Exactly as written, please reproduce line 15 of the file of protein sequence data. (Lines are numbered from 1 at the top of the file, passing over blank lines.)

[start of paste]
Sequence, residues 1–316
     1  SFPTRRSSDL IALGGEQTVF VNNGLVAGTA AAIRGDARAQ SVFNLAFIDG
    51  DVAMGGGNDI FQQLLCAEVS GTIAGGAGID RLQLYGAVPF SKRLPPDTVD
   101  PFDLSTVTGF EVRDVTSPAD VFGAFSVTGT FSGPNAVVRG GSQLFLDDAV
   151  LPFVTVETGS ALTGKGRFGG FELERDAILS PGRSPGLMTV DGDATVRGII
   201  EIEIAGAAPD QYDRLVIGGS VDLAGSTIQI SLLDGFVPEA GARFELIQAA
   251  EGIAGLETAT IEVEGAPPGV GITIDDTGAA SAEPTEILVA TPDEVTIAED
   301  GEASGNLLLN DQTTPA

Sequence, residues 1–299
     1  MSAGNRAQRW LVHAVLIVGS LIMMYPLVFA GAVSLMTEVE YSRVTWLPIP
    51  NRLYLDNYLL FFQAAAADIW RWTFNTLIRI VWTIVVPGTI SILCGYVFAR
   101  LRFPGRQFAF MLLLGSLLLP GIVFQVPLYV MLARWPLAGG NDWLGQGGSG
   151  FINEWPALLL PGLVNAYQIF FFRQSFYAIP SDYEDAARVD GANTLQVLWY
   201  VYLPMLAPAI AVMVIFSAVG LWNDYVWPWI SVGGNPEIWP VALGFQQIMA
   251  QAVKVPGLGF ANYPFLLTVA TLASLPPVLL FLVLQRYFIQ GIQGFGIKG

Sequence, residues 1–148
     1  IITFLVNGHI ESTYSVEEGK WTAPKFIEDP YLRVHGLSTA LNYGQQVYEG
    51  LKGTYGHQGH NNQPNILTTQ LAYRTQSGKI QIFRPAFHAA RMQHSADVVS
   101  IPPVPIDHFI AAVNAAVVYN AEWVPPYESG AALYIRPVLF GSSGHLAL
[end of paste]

   251  QAVKVPGLGF ANYPFLLTVA TLASLPPVLL FLVLQRYFIQ GIQGFGIKG